• Number of online courses
• Number of educational institutions offering online courses
• Number of online degree programs
Here are some figures from the Online Learning Survey (OLS) yearly reports by the Babson Group/ Sloan Consortium. Caveat: as mentioned earlier, the U.S. Dept of Education did not require colleges and universities to report some of these figures until 2012, so they differ from the OLS numbers, some of which have presumably been extrapolated from available data. The OLS data is compiled from the responses of between 2,500-2,800 American colleges and universities over the years listed. For some schools, the OLS data is more accurate than Dept of Ed data, but not always. The data does not differentiate between students taking at least one online course and those taking their entire degree online.
The gist of this data is that the percentage of students in U.S. colleges and universities who take one or more online courses each academic year is increasing steadily. As well, surveyed academic leaders at such institutions are growing in number for those who feel online education is the same or better than for face-to-face instruction — from 57% in 2003 to 77% in 2012. Prior to that, online degree instruction was not as much of a priority for many schools, apparently because many academic leaders did not feel the quality was the same as for traditional on-campus instruction.
Modern Day Distance Learning
Now, it’s estimated that over 50% of American four-year colleges and universities offer one or more fully online degree programs, including master’s and doctoral degrees. In fact, some schools favor graduate degrees being fully online over undergraduate degrees.
One example of an online MBA program is from Indiana University’s Kelley School of Business, launched in 1999, at a time when mostly for-profits schools like University of Phoenix were doing so. Now (as of Apr 2014) this program has over 1,000 students enrolled — more than double the enrollment for Kelley’s regular on-campus two-year program. As for tuition, for online students the two-year cost is just over $61K ($61.2K), while regular on-campus students pay $93K for the same period.
Similarly, there are 551 students in UNC Chapel Hill’s online MBA (Kenan-Flagler Business School), which is more than for its regular program. Once again, online tuition is cheaper at just over $96K compared to just over $111K for on-campus instruction.
Kelley and Kenan-Flagler were the only 2 of 20 B-schools listed in Bloomberg Businessweek’s biannual ranking, though that’s likely to change — at least for the B-schools which are not top-ranked. There are a total of 420 U.S. MBA programs are accredited by AACSB (Association to Advance Collegiate Schools of Business). UC Berkeley’s dean of the Haas School of Business, Richard Lyons, is quoted in Businessweek saying, “Half of the business schools in this country could be out of business in 10 years — or 5.” His implication is that that’s if traditional schools do not adapt and offer more online programs.
Interest in MBA programs is already declining. GMAT (Graduate Management Admission Test) applications for entering an MBA program had a 6% drop from 2002, down to about 117K American citizens applying in by Jun 30, 2012 (for Fall 2013). Nearly half (46%) of all American MBA programs had a decline in 2013 applications. The biggest threat is to schools with executive and part-time grad programs.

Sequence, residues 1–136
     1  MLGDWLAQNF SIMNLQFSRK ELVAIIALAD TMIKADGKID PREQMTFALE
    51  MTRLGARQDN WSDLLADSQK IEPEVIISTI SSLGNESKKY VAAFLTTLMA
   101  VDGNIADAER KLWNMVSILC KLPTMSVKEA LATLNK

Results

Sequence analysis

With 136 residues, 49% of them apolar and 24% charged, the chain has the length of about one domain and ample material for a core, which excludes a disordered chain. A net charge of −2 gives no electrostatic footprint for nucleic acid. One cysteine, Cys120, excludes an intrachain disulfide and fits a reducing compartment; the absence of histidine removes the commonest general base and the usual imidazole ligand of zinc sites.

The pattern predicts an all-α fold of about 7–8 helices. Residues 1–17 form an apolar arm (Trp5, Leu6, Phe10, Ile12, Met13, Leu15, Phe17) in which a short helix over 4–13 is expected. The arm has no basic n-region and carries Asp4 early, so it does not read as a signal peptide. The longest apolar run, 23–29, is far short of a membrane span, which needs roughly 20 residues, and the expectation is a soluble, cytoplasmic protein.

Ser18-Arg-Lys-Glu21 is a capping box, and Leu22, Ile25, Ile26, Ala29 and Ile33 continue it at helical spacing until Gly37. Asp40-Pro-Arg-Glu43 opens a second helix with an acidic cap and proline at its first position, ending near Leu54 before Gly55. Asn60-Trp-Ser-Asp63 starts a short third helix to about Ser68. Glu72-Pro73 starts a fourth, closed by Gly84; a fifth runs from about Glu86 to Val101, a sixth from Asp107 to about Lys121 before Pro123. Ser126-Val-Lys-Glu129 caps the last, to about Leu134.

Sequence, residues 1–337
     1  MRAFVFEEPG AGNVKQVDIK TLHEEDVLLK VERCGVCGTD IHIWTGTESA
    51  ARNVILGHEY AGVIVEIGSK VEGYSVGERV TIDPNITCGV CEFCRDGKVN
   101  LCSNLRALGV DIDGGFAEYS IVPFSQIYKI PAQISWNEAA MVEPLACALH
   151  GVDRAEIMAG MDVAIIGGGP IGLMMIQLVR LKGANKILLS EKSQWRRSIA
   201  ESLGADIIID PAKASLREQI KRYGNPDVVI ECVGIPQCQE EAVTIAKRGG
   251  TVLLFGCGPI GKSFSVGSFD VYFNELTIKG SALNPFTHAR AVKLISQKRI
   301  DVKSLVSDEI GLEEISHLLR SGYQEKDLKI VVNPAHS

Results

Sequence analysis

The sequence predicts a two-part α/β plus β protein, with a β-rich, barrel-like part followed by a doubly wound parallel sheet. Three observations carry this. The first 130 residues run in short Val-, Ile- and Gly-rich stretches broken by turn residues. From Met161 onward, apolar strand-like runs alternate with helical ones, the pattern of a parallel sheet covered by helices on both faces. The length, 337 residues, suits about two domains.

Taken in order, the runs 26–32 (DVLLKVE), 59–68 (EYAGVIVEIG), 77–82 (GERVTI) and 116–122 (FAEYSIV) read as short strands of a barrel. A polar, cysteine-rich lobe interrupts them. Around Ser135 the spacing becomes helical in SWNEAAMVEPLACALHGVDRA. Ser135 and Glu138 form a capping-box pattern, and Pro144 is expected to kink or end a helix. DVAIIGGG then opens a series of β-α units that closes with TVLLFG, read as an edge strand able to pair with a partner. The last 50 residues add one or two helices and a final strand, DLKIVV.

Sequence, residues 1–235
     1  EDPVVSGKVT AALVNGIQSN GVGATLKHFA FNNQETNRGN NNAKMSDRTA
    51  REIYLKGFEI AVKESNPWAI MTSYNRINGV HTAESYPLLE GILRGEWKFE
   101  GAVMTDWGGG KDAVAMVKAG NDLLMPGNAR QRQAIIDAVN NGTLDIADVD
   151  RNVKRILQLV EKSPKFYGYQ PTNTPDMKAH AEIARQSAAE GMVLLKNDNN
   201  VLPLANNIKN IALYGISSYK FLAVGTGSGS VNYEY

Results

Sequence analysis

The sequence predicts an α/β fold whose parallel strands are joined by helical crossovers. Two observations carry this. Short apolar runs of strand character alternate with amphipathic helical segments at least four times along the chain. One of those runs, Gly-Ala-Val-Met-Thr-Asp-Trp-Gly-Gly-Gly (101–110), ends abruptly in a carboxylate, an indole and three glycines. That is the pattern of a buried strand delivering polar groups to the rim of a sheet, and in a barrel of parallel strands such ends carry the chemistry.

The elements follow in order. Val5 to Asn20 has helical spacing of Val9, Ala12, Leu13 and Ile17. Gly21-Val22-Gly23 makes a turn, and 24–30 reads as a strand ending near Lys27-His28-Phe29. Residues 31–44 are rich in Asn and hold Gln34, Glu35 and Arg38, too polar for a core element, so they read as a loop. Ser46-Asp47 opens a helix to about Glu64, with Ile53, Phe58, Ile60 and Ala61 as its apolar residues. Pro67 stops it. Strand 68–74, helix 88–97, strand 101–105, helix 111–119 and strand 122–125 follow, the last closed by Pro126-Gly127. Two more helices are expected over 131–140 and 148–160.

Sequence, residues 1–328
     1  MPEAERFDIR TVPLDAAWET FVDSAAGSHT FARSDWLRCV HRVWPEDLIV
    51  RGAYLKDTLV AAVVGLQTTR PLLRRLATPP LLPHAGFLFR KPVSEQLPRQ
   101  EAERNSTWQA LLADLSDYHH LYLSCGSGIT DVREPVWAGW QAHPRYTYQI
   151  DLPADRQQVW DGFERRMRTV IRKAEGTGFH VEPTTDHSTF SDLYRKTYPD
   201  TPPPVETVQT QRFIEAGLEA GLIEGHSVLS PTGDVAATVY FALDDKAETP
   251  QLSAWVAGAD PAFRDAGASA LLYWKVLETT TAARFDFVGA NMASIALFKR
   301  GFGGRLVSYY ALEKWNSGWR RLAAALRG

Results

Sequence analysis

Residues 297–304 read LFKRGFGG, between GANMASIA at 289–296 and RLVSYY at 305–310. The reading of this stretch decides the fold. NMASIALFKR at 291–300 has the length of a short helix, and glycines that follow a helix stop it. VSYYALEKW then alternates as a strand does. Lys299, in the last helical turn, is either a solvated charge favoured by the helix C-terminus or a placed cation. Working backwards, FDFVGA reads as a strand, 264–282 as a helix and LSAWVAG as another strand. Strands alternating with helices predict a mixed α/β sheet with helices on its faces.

The Rise of MOOCs
According to a Businessweek article, most of the “top schools don’t offer online degrees,” partly because that could dilute a degree’s value if too many people get MBAs from a particular school. Instead of diluting the MBA pool, what many top schools are doing instead is offering MOOCs (Massive Open Online Courses) that offer on-campus course content, often for free . There are also hybrid courses that combine online and in-person course approaches, such as the one at UCLA’s Anderson School of Management.
For example, U Penn’s Wharton business school introduced their MOOC experiment in 2012, offering some of their business courses online, with open enrollment, although with no degree credit. As of Apr 2014, they’ve had about 1.1M participants. They have 15 MOOCs in Coursera.org platform, including courses based on some first-year MBA curriculum content. Wharton spends between $20-50K to produce each class, and recoups some of the costs through a portion of the $49 student verification certificate fees that Coursera charges.
By contrast, University of Virginia’s Darden business school has 5 MOOCs on Coursera, and Columbia has none. Harvard Business School is offering non-MOOC online courses with selective admission and a price attached.
In terms of a non-MOOC approach, one of the highest-profile cases is MIT’s OCW (OpenCourseWare) project, announced in 2001. In 2002, OCW published online the full content of 50 real MIT courses as part of a pilot project. By 2012, they had published content for 2,150 courses. Here are some of the milestones for OCW, from 2002-2012:
The released courses are not just in English; translations for other languages such as Spanish and Portuguese were available for the 2002 pilot, followed by other languages later on, including Chinese, Thai, Persian, Turkish, Korean. Mirror sites were established in various parts of the world. OCW adopted a Creative Commons license in 2004, and in 2005, the OpenCourseWare Consortium was formed, through which additional academic institutions provided their own OCW-like content. By 2007, nearly every then MIT course’s material had been published online, and by 2008, audio and video material was added to YouTube and iTunes University, with image content added to Flickr. By 2012, there were 2,150 courses published online, for anyone to consume — and 125 million people visited the project’s Web site that year.
So the quantity of and interest in online courses is growing, whether in the form of curriculum repositories, MOOCs, or full online degree programs — a trend that’s likely to continue and to impact students, schools and even employers.